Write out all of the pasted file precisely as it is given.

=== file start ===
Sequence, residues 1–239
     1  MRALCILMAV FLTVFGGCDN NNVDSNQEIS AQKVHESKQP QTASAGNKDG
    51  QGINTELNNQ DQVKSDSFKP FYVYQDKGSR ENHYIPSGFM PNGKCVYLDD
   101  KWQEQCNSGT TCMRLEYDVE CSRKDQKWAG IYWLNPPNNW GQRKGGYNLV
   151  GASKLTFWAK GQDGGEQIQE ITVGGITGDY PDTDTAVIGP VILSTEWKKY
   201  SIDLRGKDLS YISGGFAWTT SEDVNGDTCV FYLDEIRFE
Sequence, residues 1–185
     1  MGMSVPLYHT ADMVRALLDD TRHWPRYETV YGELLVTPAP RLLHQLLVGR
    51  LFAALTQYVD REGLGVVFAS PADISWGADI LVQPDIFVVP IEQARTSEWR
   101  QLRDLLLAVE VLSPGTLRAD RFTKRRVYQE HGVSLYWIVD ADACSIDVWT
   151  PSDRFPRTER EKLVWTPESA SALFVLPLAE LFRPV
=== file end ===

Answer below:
Sequence, residues 1–239
     1  MRALCILMAV FLTVFGGCDN NNVDSNQEIS AQKVHESKQP QTASAGNKDG
    51  QGINTELNNQ DQVKSDSFKP FYVYQDKGSR ENHYIPSGFM PNGKCVYLDD
   101  KWQEQCNSGT TCMRLEYDVE CSRKDQKWAG IYWLNPPNNW GQRKGGYNLV
   151  GASKLTFWAK GQDGGEQIQE ITVGGITGDY PDTDTAVIGP VILSTEWKKY
   201  SIDLRGKDLS YISGGFAWTT SEDVNGDTCV FYLDEIRFE
Sequence, residues 1–185
     1  MGMSVPLYHT ADMVRALLDD TRHWPRYETV YGELLVTPAP RLLHQLLVGR
    51  LFAALTQYVD REGLGVVFAS PADISWGADI LVQPDIFVVP IEQARTSEWR
   101  QLRDLLLAVE VLSPGTLRAD RFTKRRVYQE HGVSLYWIVD ADACSIDVWT
   151  PSDRFPRTER EKLVWTPESA SALFVLPLAE LFRPV